This article needs additional citations for verification. (February 2018) (Learn how and when to remove this template message)
Life and careerEdit
Born in Council Bluffs, Iowa, Langdon began working in medicine shows and stock companies while in his teens. In 1906, he entered vaudeville with his first wife, Rose Langdon. By 1915, he had developed a sketch named "Johnny's New Car," on which he performed variations in the years that followed. In 1923, he joined Principal Pictures Corporation, a company headed by producer Sol Lesser. He eventually went to The Mack Sennett Studios, where he became a major star. At the height of his film career, he was considered one of the four best comics of the silent film era. His screen character was that of a wide-eyed, childlike man with an innocent's understanding of the world and the people in it. He was a first-class pantomimist.
Most of Langdon's 1920s work was produced at the famous Mack Sennett studio. His screen character was so unique and his antics so different from the broad Sennett slapstick that he soon had a following. Success led him into feature films, directed by Arthur Ripley and Frank Capra. With such directors guiding him, Langdon's work rivaled that of Charlie Chaplin, Harold Lloyd, and Buster Keaton. Many consider his best films to be The Strong Man (1926), Tramp, Tramp, Tramp (1926), and Long Pants (1927). Langdon acted as producer on these features, which were made for his own company, The Harry Langdon Corporation, and released by First National. After his initial success, he fired Frank Capra and directed his own films, including "Three's a Crowd", "The Chaser", and "Heart Trouble", but his appeal faded. These films were more personal and idiosyncratic, and audiences of the period were not interested. Capra later claimed that Langdon's decline stemmed from the fact that, unlike the other great silent comics, he never fully understood what made his own film character successful. However, Langdon's biographer Bill Schelly, among others, have expressed skepticism about this claim, arguing that Langdon had established his character in vaudeville long before he entered movies, added by the fact that he wrote most of his own material during his stage years. History shows that Langdon's greatest success was while being directed by Capra, and once he took hold of his own destiny, his original film comedy persona dropped sharply in popularity with audiences. This is likely not due to Langdon's material, which he had always written himself, but due to his inexperience with the many fine points of directing, at which Capra excelled, but at which Langdon was a novice. On the other hand, a look at Langdon's filmography shows that Capra directed only two of Langdon's 30 silent comedies. His last silent film, and the last one Langdon directed, "Heart Trouble", is a "lost film", so it is difficult to assess whether he might have begun achieving a greater understanding of the directorial process with more experience. The coming of sound, and the drastic changes in cinema, also thwarted Langdon's chances of evolving as a director and perhaps defining a style that might have enjoyed greater box office success.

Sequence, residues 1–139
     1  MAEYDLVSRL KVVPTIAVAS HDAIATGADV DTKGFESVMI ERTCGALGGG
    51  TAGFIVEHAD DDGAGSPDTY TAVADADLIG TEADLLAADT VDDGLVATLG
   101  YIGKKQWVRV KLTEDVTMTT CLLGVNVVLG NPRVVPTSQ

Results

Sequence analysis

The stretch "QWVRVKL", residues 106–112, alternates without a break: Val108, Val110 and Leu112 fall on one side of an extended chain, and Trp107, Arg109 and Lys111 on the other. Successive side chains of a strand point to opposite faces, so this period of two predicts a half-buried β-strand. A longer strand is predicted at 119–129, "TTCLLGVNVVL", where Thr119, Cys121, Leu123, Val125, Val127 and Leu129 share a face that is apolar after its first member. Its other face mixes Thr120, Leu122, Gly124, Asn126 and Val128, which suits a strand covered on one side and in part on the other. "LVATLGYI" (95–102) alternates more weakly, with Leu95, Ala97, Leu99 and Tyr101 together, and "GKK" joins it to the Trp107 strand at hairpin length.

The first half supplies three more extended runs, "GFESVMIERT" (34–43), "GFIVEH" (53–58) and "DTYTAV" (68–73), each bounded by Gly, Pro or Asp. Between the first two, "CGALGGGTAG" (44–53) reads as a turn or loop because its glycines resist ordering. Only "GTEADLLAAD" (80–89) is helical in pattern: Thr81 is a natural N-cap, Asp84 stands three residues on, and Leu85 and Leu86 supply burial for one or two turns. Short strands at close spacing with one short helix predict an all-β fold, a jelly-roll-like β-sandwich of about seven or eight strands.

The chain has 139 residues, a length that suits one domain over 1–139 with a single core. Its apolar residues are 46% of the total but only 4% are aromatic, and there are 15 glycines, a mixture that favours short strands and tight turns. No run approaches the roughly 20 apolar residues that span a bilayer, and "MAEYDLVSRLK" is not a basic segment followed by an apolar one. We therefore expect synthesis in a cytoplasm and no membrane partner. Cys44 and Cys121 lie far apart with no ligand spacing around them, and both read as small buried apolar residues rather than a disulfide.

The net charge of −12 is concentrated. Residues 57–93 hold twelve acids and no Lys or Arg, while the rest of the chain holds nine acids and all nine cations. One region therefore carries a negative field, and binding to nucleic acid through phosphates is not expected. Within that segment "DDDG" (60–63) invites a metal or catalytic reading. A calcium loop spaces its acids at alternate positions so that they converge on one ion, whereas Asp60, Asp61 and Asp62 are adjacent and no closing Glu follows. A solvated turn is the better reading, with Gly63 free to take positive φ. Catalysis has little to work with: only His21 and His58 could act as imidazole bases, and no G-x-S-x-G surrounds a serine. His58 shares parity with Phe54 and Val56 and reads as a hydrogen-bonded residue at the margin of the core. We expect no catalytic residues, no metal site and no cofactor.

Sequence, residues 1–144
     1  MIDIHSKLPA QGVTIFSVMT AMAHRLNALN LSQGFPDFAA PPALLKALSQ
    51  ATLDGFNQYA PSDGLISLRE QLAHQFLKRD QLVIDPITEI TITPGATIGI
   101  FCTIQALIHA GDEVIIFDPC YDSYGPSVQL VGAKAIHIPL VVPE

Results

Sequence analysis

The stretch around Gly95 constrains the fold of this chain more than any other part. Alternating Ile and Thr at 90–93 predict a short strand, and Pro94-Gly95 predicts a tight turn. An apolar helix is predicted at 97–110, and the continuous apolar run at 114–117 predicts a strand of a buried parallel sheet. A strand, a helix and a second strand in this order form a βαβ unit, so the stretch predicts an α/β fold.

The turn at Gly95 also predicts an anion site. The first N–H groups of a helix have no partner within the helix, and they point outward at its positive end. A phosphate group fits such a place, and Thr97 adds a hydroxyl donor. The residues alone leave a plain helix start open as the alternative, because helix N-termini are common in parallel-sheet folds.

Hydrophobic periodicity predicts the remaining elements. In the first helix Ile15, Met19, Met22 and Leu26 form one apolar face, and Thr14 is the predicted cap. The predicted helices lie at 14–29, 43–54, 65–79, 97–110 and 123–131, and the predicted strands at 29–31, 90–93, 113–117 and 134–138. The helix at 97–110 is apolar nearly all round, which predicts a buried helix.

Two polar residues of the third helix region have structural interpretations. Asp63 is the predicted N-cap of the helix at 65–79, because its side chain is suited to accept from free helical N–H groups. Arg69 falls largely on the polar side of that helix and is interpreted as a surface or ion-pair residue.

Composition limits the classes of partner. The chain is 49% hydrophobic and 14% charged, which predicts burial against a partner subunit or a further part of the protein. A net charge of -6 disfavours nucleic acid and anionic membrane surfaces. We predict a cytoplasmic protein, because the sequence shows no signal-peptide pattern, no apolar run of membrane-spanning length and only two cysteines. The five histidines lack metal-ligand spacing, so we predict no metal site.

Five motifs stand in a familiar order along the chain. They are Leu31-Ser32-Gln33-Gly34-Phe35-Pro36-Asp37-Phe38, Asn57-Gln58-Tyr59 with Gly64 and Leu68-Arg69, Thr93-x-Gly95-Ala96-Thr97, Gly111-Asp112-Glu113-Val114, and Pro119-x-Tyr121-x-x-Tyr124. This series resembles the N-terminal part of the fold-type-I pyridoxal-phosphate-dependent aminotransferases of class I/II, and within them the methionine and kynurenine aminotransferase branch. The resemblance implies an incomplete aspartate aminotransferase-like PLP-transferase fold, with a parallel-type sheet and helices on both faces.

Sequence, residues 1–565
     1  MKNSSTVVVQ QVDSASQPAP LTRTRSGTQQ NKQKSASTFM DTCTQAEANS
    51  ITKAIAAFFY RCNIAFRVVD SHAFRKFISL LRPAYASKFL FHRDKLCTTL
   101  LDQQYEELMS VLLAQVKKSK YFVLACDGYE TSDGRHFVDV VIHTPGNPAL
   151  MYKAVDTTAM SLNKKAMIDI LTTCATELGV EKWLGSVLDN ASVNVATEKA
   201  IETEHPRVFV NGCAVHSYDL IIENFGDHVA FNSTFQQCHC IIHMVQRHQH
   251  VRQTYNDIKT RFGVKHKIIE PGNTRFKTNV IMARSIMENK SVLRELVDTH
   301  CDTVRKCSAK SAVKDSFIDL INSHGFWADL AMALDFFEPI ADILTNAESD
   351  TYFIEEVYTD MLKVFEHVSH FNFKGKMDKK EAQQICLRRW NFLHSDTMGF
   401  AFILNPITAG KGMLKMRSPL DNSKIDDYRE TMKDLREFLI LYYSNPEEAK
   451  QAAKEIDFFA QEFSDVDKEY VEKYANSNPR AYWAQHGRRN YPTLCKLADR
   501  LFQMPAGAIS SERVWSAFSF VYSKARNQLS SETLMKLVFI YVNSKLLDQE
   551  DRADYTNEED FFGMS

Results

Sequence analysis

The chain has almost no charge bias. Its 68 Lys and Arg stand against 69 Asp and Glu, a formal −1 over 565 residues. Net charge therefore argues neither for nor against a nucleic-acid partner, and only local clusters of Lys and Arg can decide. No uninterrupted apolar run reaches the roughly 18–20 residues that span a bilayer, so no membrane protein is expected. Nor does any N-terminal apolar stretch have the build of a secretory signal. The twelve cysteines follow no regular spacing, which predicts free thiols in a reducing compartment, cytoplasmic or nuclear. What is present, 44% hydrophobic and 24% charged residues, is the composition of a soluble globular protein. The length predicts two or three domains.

Langdon's babyish character did not adapt well to sound films; as producer Hal Roach remarked, "He was not so funny articulate" (he featured Langdon in several unsuccessful sound shorts in 1929–1930). But Langdon was a big enough name to command leads in short subjects for Educational Pictures and Columbia Pictures. In 1938, he adopted a Caspar Milquetoast-type, henpecked-husband character that served him well. Langdon continued to work steadily in low-budget features and shorts into the 1940s, playing mild-mannered goofs. He also contributed to comedy scripts as a writer, notably for Laurel and Hardy, which led to him being paired with Oliver Hardy in a 1939 film titled Zenobia during a period when Stan Laurel was in a bitter contract dispute with Roach.
Harry Langdon kept busy in pictures and completed his final Columbia short Pistol Packin' Nitwits only weeks before his death of a cerebral hemorrhage on December 22, 1944. All funeral arrangements were handled by onscreen cohort and friend Vernon Dent. Langdon was cremated and his ashes interred at Grand View Memorial Park Cemetery in Glendale, California.
At the height of his career, Langdon was making $7,500 per week, a fortune for the times. Upon his death, The New York Times wrote, "His whole appeal was a consummate ability to look inexpressibly forlorn when confronted with manifold misfortunes—usually of the domestic type. He was what was known as 'dead-pan'...the feeble smile and owlish blink which had become his stock-in-trade caught on in a big way, and he skyrocketed to fame and fortune..."
In 1997, his hometown of Council Bluffs celebrated "Harry Langdon Day" and in 1999 named Harry Langdon Boulevard in his honor. For his contribution to the motion picture industry, Harry Langdon has a star on the Hollywood Walk of Fame at 6925 Hollywood Boulevard.
† – denotes entry part of the Columbia Pictures short subject series
- Obituary Variety, December 27, 1944, page 39.
- Harter, Chuck and Michael J. Hayde; Little Elf: A Celebration of Harry Langdon (BearManor Media, 2012).
- Katz, Ephraim. The Film Encyclopedia. (New York: Thomas Y. Crowell Publishers) 689.
- Okuda, Ted and Watz, Edward; (1986). The Columbia Comedy Shorts, pp. 115–123, 221–222, McFarland & Company, Inc., Publishers. ISBN 0-89950-181-8
- Katz, Ephraim. Ibid.
- Barrier, Michael (2003). Hollywood Cartoons: American Animation in Its Golden Age. Oxford University Press. ISBN 978-0195167290. P.214.
- "Hollywood Bids Farewell to Comic Harry Langdon". The Los Angeles Times. December 27, 1944. p. 6.
- Wilson, Scott (2016). Resting Places: The Burial Sites of More Than 14,000 Famous Persons. Jefferson, N.C.: McFarland & Company. p. 424. ISBN 9780786479924.
- The New York Times, Obituary, December 23, 1944.